This week, the women’s and coed sailing teams finished their regular season with a victory. Around half of the team will travel to New Orleans to compete against some of the top sailing programs in the country in the Intercollegiate Sailing Association (ICSA) National Championship hosted by Tulane University on the weekends of May 19 and May 23. They will be competing against Division I teams such as Boston University and Yale University.
The regatta will span across four days, featuring events like the ICSA Team Race Championship, ICSA Dinghy Championship and ICSA Women’s Championship. The first half of the tournament will include 36 teams in two divisions, and 18 teams who make the cut will compete for the championship title in the last two days.
The selection process for this championship involves an ICSA selection committee, which interprets the collective results of a team and judges whether or not they qualify for the competition.
“This year, both fall and spring regatta results are counted towards … your resume,” skipper Lizzy Kaplan ’23 said. “You get to be okay with maybe some harder events, as long as you continue to see improvement. It’s a process of being really diligent the whole year as opposed to having everything leading up to one event. I think that is a product of a lot of hard work, both in terms of sailing and also in terms of team development.”
The Polar Bears enter the tournament following a successful regular season. Like many athletic teams, the sailors were eager to make up for lost time due to the pandemic and sharpen their skills in time for this year’s season.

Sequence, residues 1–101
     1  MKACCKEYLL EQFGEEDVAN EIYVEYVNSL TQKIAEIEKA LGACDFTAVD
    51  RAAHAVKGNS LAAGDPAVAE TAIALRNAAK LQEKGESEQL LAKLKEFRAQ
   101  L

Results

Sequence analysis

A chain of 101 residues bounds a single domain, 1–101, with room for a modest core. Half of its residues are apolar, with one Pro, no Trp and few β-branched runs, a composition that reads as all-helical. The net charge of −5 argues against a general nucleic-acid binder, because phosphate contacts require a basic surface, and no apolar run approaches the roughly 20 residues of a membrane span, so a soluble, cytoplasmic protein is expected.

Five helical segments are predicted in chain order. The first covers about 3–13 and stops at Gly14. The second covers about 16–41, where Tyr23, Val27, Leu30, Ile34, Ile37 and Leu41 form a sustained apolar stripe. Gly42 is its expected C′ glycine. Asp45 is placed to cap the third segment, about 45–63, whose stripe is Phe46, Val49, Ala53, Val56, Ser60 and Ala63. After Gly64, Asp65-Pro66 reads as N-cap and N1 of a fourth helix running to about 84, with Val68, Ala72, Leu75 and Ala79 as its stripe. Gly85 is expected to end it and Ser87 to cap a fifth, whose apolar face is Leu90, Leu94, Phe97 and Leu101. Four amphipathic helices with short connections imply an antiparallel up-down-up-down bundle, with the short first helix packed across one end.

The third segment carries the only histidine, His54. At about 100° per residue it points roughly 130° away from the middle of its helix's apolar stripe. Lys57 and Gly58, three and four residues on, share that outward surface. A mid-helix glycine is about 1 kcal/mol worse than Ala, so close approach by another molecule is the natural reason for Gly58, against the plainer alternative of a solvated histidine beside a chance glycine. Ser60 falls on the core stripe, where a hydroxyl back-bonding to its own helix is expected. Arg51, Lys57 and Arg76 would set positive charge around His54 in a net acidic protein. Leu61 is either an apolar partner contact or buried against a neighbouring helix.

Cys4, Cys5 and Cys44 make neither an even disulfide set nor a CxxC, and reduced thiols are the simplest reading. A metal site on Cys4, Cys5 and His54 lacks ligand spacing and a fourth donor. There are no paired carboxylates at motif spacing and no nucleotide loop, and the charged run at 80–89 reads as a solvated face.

“We started the season very learning-focused, trying to keep our race results important, but not [have them be] the most important thing for us this season,” captain John Seider ’22 said. “No one on our team of 34, except for four seniors, have really sailed a spring season before this, which is crazy. So, we were and are very focused on learning, getting up to speed [and] making kind of a long-term investment.”
This initial learning curve meant that the beginning of the season was not without its challenges.
“At the start, we had some tough outcomes in team racing, but [we] brought it back together for fleet racing [and] for the national championships,” Seider said.
Focus has been a crucial skill for the team as it began to compete again after its pandemic hiatus.
“As a team, we’ve always had a lot of focus, and I think it’s been one of the things that has carried us through the pandemic pause in our sport and our discipline,” Seider said. “We’re looking to get our young sailors and our older sailors just exposure at a national championship event. It’s been two years since the last time we were at an event like this. It’s the most competitive fleet in the country that will sail, and so it’s an awesome opportunity.”
Due to Covid-19 restrictions, the team was unable to practice certain racing techniques last spring, so more patience was also required this past season.
“It has definitely been a year of teaching,” Alex Kitay ’23 said. “At the start, we had less institutional knowledge for team racing. I am proud of the improvement we’ve made and the commitment we have shown to the team.”
Kaplan believes that camaraderie among teammates has also served the team well. Morale boosting exercises helped keep spirits high throughout long practices and races.
“During a regatta or after practice, we do a huddle or little hug,” Kaplan said. “It’s just little things like that that [help]. Showing that you are supporting your teammates [is] really helpful, because sometimes you have bad races and there’s a lot of emotions wrapped up in [it]. Knowing that your teammates will always be there for you has been the best part.”